Take the 2-minute tour ×
Stack Overflow is a question and answer site for professional and enthusiast programmers. It's 100% free, no registration required.

Given a list kinda like (simplified):

type foo(n:string,m:string,l:string) = 
    member f.name=n
    member f.val1=m
    member f.val2=l
let dates = [
    foo("a","aa","aaa")
    foo("b","bb","bbb")
]

How can a a immutable dictionary-type structure (eg, Map, IDictionary...any others?) of the form key:foo.name,value:foo be made?

My best guess was

let fooDict = for f in foo do yield f.name,f

But that for-comprehension syntax can only be used to make a list, array, or seq?

share|improve this question

3 Answers 3

up vote 5 down vote accepted

To create an immutable dictionary (the interface is mutable, but will throw an exception if you try to modify it)

[ for f in dates -> f.name,f ] |> dict

or

dates |> Seq.map (fun f -> f.name, f) |> dict


To create an immutable Map:

[ for f in dates -> f.name,f ] |> Map.ofSeq

or

dates |> Seq.map (fun f -> f.name, f) |> Map.ofSeq
share|improve this answer
    
Nice. I didn't understand that I could pipe the yield tuple into a Map.ofSeq. Very helpful to see the syntactical options. –  Noel Mar 6 '13 at 22:17
    
@Gustavo : Didn't know about dict, nice shorthand, but it creates an immutable dictionary, not mutable. It seems to use an object expression, so the type is not immediately obvious: d.GetType().FullName-> Microsoft.FSharp.Core.ExtraTopLevelOperators+CreateDictionary@52 .. type params. But you can't assign to the resulting IDictionary. –  Robert Jeppesen Mar 6 '13 at 22:59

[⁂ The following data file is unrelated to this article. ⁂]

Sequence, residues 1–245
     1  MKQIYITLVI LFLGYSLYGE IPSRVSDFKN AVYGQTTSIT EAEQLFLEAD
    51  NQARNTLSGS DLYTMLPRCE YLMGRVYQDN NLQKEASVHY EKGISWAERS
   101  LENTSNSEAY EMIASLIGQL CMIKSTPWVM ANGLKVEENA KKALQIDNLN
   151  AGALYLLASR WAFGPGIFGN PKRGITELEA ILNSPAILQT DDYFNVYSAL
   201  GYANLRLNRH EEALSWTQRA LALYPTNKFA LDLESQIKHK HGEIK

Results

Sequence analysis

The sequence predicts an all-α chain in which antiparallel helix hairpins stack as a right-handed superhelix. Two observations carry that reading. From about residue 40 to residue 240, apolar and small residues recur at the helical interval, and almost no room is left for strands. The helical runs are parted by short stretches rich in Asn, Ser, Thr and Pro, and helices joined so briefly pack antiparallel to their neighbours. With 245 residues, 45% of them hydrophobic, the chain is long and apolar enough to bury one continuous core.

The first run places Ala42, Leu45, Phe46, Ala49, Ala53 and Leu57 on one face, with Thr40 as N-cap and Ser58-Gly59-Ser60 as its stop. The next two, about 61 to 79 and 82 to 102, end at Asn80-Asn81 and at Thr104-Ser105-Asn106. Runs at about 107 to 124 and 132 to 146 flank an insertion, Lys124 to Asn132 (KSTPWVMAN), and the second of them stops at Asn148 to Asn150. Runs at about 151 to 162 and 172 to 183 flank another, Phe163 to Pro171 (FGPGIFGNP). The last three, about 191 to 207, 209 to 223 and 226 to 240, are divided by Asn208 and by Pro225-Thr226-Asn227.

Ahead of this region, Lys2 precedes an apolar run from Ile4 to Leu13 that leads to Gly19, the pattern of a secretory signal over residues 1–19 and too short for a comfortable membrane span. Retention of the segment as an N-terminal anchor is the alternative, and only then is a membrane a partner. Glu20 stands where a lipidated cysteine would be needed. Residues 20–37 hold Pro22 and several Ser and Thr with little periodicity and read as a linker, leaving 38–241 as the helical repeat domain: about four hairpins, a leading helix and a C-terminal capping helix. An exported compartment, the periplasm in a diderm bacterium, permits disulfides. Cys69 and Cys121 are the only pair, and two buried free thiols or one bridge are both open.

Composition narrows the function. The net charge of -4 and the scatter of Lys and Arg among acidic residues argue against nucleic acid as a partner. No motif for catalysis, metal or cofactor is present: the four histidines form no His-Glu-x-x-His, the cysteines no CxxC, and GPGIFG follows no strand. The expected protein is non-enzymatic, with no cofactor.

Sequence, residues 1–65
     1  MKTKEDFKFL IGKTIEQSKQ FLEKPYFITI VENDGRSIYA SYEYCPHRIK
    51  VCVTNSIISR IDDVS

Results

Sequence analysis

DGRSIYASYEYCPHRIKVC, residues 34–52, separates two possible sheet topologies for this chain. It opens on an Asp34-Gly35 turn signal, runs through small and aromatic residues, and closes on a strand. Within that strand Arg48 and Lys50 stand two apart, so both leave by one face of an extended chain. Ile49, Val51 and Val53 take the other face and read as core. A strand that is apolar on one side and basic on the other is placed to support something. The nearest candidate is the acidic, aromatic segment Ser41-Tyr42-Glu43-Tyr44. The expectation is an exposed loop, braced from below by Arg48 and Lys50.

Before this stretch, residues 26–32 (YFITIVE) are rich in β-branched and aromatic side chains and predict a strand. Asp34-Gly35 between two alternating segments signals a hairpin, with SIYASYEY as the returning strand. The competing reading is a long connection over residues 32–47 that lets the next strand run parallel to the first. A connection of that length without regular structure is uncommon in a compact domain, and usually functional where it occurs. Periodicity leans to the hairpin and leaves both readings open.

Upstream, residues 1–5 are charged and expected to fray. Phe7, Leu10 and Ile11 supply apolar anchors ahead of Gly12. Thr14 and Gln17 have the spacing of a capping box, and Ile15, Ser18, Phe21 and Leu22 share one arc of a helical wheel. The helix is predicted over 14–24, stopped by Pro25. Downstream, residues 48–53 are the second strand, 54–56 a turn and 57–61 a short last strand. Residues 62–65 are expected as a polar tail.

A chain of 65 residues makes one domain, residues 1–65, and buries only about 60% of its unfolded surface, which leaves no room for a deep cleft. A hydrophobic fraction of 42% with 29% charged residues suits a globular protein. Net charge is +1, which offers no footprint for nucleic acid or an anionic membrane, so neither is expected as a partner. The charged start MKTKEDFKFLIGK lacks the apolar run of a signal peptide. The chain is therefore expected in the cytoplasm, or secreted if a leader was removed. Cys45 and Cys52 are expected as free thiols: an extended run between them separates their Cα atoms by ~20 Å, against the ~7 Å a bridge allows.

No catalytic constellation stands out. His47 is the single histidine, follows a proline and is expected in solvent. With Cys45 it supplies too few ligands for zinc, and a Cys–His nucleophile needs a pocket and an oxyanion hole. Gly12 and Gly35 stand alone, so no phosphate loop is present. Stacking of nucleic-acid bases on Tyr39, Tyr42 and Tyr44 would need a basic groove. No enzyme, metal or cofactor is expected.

Humm, when you try to add items it throws a NotSupportedException, didn't know about that, I assumed it returned a normal dictionary. I've updated the answer –  Gustavo Guerra Mar 6 '13 at 23:02
    
Without looking at source, I'm guessing F# Map buried in an object expression. :) –  Robert Jeppesen Mar 6 '13 at 23:14

Check out the dict function -- it takes a sequence of key-value tuples and creates an immutable dictionary from them.

With a list like the one you provided, you could use Seq.map to create the sequence, then pipe it into dict.

share|improve this answer
3  
Concretely, dates |> Seq.map (fun f -> f.name, f) |> dict or dates |> Seq.map (fun f -> f.name, f) |> Map.ofSeq. –  ildjarn Mar 6 '13 at 22:03

I ended up with the more verbose (and ignorant of pipes):

Map.ofList([for f in foo do yield (f.name,f)])
share|improve this answer
2  
Note that the parentheses around the list are not required - that actually makes this notation quite nice (I think). –  Tomas Petricek Mar 6 '13 at 22:26
3  
And if you use -> instead of do yield it gets even nicer: Map.ofList [for f in foo -> f.name,f] –  Gustavo Guerra Mar 6 '13 at 22:53

Your Answer

 
discard

By posting your answer, you agree to the privacy policy and terms of service.

Not the answer you're looking for? Browse other questions tagged or ask your own question.